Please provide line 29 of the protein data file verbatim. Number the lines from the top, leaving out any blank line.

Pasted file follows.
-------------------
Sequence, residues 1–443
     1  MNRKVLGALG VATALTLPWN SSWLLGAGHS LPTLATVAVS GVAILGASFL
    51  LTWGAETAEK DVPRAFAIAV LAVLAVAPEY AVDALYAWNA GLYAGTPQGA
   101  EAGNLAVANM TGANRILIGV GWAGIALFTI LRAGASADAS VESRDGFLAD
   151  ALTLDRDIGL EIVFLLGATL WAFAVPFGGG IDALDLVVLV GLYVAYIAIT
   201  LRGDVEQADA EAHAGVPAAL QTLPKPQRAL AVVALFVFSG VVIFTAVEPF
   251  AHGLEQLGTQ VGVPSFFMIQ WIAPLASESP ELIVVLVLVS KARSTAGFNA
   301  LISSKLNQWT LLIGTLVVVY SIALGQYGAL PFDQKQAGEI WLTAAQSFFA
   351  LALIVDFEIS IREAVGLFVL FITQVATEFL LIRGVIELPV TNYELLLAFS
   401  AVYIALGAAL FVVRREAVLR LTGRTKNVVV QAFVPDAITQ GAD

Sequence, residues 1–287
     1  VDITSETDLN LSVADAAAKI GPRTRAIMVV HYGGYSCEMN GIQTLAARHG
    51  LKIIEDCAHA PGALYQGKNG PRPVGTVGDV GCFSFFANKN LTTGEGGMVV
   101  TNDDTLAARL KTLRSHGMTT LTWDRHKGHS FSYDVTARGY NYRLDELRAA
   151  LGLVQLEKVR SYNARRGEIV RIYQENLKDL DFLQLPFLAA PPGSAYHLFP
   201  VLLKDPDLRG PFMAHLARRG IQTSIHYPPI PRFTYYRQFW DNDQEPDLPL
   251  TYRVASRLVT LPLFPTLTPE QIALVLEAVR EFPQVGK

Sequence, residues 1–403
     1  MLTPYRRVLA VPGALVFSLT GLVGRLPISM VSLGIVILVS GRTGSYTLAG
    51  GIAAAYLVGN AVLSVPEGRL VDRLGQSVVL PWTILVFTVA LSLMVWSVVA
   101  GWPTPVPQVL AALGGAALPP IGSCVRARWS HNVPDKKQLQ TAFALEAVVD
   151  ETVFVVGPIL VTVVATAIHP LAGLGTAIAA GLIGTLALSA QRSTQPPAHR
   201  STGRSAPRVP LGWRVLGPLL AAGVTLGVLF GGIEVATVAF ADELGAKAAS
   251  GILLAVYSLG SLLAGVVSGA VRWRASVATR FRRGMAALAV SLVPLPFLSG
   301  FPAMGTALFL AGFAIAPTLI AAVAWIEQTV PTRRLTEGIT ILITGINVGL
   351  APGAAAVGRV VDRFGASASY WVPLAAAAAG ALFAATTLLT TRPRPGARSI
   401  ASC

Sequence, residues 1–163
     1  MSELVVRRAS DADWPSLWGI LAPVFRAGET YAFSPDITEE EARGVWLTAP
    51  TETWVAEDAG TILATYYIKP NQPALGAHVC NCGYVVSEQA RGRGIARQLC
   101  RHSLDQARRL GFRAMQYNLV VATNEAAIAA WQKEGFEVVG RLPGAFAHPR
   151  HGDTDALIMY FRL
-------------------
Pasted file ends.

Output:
     1  MSELVVRRAS DADWPSLWGI LAPVFRAGET YAFSPDITEE EARGVWLTAP